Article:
Everything You Need to Take on a Moroccan Road Trip


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1. Sunglasses, Suncream and Umbrella

If you think that Morocco is all sand and sun, we made the same mistake! In our 6 days in Morocco we were subject to everything but snow! Torrential rain in Marrakech, storms and wind in Ouarzazate, and searing heat and sandstorms in the Sahara. If you have space in the car, protection against all of the elements may be necessary!

2. Jerry Can

Throughout much of Morocco, there are long drives between the big cities along very quiet roads. Filling up at each Petrol station is key, as is always keeping at least half of a tank of petrol full. However, taking a jerry can which you can also fill up as a backup gives you the extra peace of mind should you misjudge any distances.

3. List of all hotels

Travelling between new cities every day can be confusing, so always take a list of each of the hotels you are staying in, preferably with a version in Arabic too, can help you find your hotel or ask for directions should you be lost. Be careful of who to ask, and whether they will show you where to go before asking for money. Asking Policeman always was the safest bet for us.

4. SIM card

Purchasing a SIM card as early as possible can really help with everything from navigation to contacting hotels. We purchased a Maroc Telecom PAYG Sim Card for 100MAD (around £8) which included around 5GB of data and plenty of minutes to contact all of our hotels. Most of the riads were quiet and asked for a call prior to us arriving or to find a suitable car park, so having a working and cheap phone was essential. The amount of data also allowed us to navigate around the cities and on the road.

5. Map

An obvious staple of any road trip, the trusty map is useful for not only navigating but planning your trip before-hand. There are plenty available, but we used this one from Amazon, which was plenty big enough and handily laminated to avoid any tears or water damage.

6. Food and Water

Moroccan hospitality is second to none, and every riad, restaurant, cafe and campsite we stayed in gave us the most incredible food and service. However, on the roads between the big cities, there’s little to find to fill the gap between the breakfast and tea. Make sure that you pack plenty of snacks, and take as much water as you can fit. We took a number of 2 litre bottles of water to use on the road and in the riads, and were glad we did. When you are on the open roads, especially in the South, there can be little shade from the hot sun. We also asked each riad to fill our flask with boiling water each day, and a coffee on the side of the road was often a lifesaver on a long drive.

7. First Aid Kit

Another travel staple, but always worth having in the back of the car in case things go wrong. Paracetamol, Plasters, as well as diarrhoea tablets to calm the stomach, should you have an adverse reaction to any of the new food in the country. As well as this, some of the drives are long with little in between, so some basic toiletries to freshen up along the journey can also be a benefit.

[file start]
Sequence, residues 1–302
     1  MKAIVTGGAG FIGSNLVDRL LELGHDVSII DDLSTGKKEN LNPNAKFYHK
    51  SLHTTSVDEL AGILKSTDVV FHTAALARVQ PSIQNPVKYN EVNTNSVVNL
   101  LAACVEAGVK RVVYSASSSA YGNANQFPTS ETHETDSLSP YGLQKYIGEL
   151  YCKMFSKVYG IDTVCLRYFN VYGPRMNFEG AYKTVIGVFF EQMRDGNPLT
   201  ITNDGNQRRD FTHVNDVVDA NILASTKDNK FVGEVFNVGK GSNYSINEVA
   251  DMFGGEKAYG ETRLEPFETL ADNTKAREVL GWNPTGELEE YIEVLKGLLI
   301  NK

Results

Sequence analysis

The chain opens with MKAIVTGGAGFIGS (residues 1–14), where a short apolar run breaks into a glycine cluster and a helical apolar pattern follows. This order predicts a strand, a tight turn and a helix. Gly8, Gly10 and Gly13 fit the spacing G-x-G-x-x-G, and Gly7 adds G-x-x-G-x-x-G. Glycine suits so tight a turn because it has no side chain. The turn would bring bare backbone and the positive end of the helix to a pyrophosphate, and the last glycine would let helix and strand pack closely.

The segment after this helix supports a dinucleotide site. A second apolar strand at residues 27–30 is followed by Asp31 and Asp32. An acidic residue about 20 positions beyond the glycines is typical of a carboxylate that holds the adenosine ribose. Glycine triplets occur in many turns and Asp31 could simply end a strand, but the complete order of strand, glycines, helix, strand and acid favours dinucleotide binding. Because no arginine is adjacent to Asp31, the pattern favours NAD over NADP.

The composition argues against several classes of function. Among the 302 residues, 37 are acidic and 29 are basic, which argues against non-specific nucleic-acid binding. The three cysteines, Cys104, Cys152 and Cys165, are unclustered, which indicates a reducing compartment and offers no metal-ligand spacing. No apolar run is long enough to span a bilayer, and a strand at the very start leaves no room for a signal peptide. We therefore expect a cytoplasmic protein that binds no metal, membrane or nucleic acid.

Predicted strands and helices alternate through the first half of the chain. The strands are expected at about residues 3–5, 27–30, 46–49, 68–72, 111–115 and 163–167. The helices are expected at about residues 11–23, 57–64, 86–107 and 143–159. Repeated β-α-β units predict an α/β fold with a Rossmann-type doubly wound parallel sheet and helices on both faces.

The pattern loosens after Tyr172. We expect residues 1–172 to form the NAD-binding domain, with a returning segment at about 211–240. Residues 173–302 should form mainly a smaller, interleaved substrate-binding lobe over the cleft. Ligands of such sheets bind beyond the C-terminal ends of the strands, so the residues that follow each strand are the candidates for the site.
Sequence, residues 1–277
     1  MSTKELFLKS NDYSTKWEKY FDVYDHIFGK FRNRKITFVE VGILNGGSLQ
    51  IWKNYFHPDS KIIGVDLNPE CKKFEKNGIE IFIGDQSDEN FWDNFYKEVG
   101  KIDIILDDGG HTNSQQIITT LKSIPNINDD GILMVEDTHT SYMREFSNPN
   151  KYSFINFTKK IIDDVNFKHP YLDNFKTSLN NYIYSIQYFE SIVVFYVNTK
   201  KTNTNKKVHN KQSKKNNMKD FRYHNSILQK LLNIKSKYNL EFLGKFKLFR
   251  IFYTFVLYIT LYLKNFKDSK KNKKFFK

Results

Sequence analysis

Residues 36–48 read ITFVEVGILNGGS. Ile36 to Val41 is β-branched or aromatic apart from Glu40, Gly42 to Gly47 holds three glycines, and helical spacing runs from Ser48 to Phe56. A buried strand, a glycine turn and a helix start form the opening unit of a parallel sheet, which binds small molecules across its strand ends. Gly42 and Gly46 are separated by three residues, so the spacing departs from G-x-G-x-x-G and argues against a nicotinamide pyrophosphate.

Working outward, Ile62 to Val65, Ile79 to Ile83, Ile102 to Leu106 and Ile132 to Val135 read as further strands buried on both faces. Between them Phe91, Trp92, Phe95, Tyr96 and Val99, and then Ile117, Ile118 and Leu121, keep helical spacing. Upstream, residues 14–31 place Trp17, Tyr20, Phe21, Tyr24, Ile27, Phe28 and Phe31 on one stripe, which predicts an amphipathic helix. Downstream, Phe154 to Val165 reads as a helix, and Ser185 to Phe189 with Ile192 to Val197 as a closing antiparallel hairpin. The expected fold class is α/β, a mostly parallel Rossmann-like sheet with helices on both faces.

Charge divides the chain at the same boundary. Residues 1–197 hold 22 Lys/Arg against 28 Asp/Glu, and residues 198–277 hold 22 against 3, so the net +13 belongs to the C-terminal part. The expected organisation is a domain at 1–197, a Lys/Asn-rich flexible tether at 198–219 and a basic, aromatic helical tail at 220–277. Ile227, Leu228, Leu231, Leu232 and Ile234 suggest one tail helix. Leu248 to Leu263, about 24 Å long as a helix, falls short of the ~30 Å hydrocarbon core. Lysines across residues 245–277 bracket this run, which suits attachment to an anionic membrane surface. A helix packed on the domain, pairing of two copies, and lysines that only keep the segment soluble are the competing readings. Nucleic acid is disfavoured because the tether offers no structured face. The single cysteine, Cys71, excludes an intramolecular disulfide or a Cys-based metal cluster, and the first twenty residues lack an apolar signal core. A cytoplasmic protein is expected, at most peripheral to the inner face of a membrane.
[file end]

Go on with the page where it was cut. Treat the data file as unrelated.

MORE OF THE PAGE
8. Camera

Another obvious one, but I would highly recommend investing in a decent camera before a road trip to Morocco. With so many incredible sights, from the big cities in the North, to the barren roads and Sahara Desert in the South, you will want to capture as much of the trip as possible. Exercise caution when photographing locals though, many don’t appreciate the attention, and some in the touristy cities will demand money for it.

9. Music

An important asset for any road trip, taking some of your favourite music helps to whittle down the numerous hours driving around the country. For a flavour of the local music, Tinariwen are a Grammy award-winning group of musicians from the Sahara Desert of Northern Mali.

10. Guide Book

Although we enjoyed speaking to locals, exploring the cities, and making gut decisions, we always had our handy Morocco guide-book with us which was essential in helping us plan, understand the local culture, and to fall back on for food and drink recommendations if we needed them. We decided to go for the Lonely Planet guide which was jam-packed with useful information and top tips for the whole country.



Hello! I’m Ryan, a 28-year-old from Manchester, UK, with a desire to travel. Whilst working in destination marketing in my home city, I have found a love for discovering places, and the people, culture, and traditions that make them.

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  1. Mustapha

    Nice information I really like it and morocco is beautiful country and lots thing to see
    Thanks for sharing this pictures and information.

    • A Single Step

      Thanks Mustapha, it’s such a beautiful country. I can’t wait to return!


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